American Progress (1872) by John Gast is an allegorical representation of the modernization of the new west. Columbia, a personification of the United States, is shown leading civilization westward with the American settlers. She is shown bringing light from east to west, stringing telegraph wire, holding a book, and highlighting different stages of economic activity and evolving forms of transportation. By John Gast – This image is available from the United States Library of Congress’s Prints and Photographs division under the digital ID 09855.This tag does not indicate the copyright status of the attached work. A normal copyright tag is still required. See Commons:Licensing for more information., Public Domain,

Get Wild: The magic and science of snowflakes — The Summit Daily #snowpac

Barefoot Dance In The Snow New York, New York March 8, 1916. Girls of the Marion Morgan School of Dance in Los Angeles perform barefoot in the snow in Central Park. Underwood Archives by Underwood Archives

From The Summit Daily (Karn Stiegelmeier):

Snow dancing, Ullr calling and deep yearning for more snow this season appear to have paid off! After such a dry fall and early winter, abundant snowfall finally is allowing us to enjoy our sliding recreation — the focus for many of us.

Snow is, of course, also essential to our rivers and water supply. The 40 million people in the Colorado River basin, and the vast agricultural network that we take for granted when we shop for groceries, depend on winter snowpack. Summit snow fills reservoirs with essential spring and summer water.

We hear a lot about how many inches of powder we can expect, and we plan our days around those predictions. But how many snowflakes actually fall in these storms? Many billions of these spectacular crystals create a snowfall. One pound of snow has an average of 22,400 snowflakes. And each snow crystal is an incredible work of science and art.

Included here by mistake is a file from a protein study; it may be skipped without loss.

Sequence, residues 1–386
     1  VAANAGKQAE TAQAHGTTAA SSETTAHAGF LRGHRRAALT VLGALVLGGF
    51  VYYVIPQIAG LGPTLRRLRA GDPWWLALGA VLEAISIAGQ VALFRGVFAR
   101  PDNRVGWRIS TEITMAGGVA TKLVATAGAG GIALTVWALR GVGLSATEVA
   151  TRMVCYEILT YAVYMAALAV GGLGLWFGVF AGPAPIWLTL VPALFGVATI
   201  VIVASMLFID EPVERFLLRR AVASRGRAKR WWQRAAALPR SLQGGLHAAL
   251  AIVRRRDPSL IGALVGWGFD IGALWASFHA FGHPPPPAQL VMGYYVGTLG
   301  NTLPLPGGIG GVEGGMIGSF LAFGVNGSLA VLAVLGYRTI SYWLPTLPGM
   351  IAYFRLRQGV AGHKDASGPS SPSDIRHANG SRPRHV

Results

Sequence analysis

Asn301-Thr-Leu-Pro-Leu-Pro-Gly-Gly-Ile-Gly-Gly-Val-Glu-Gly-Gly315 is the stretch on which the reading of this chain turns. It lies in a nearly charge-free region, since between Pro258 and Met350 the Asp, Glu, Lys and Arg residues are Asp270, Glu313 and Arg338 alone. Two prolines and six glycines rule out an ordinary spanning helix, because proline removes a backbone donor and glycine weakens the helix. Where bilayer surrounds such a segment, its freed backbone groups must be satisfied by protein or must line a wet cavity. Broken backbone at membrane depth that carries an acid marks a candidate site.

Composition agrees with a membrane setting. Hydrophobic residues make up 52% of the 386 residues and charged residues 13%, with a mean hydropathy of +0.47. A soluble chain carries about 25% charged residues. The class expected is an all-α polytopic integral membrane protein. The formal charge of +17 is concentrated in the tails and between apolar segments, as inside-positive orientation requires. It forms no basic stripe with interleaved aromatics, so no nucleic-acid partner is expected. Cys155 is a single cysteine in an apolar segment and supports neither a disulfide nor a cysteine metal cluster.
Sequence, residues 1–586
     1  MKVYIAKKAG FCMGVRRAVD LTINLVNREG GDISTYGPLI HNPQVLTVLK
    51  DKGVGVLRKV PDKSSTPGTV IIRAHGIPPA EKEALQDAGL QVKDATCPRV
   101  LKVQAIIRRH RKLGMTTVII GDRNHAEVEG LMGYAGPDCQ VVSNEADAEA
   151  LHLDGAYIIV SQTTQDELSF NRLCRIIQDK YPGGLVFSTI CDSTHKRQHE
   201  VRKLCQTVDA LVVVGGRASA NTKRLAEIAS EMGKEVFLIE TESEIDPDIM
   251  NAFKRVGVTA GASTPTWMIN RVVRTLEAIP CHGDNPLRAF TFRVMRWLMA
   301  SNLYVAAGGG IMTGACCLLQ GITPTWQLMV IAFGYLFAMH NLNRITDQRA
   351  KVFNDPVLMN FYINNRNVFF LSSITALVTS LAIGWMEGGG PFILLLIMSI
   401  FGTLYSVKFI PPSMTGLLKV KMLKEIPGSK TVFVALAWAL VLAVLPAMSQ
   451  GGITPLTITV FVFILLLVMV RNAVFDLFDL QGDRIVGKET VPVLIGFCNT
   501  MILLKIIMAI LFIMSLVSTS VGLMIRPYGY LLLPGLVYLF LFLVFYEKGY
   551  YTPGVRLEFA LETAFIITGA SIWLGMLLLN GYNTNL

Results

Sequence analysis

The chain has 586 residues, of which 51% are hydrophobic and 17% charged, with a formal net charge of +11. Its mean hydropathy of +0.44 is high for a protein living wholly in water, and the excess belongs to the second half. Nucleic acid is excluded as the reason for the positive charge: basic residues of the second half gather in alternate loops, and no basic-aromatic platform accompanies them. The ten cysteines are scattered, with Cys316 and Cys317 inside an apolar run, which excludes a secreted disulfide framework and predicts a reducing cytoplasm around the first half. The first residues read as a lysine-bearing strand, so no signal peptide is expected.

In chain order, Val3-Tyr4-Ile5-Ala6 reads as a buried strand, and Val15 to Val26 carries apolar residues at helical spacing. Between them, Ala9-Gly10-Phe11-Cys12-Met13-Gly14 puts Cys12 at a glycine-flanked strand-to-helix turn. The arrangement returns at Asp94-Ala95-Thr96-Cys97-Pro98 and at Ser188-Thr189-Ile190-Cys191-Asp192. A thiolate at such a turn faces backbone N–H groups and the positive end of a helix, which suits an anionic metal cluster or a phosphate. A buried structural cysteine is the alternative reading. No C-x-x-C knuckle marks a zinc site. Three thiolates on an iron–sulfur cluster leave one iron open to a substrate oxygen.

What is a snowflake? Perhaps you’ve had the pleasure of folding a paper in half, then into thirds and — with good scissors in hand and some careful cutting — created a beautiful replica of one of the unique snow crystals that can be seen without magnification under the right conditions. When we say snowflake, we usually mean snow crystal: a single crystal of ice in which the water molecules line up in a precise way.

Photo via Snowflakes Bentley (Wilson A. Bentley)

How do these spectacular snow crystals form? Snow crystals generally are hexagonal (six-sided) due to the way they form. And they’re not frozen raindrops (those are sleet). Snow crystals appear when water vapor converts directly into ice without going through a liquid state. Water molecules in ice crystals join together in a hexagonal structure because it is the most efficient way. After the crystals form a small hexagonal plate, branches sprout from the six corners as the crystal grows larger and more complex.

Formation depends on the changing temperatures and humidity each crystal experiences on its unique path through the clouds as it forms and falls. This trip through clouds, wind and humidity creates a unique crystal. Indeed, no two snow crystals are alike; each has its own variety of patterns and shapes. Snowflakes are classified as hexagonal and triangular crystals, hollow columns, dendrites and irregular snowflakes. Dendrites are multibranched or tree-like crystals that can be very large, complex and often visible to the naked eye.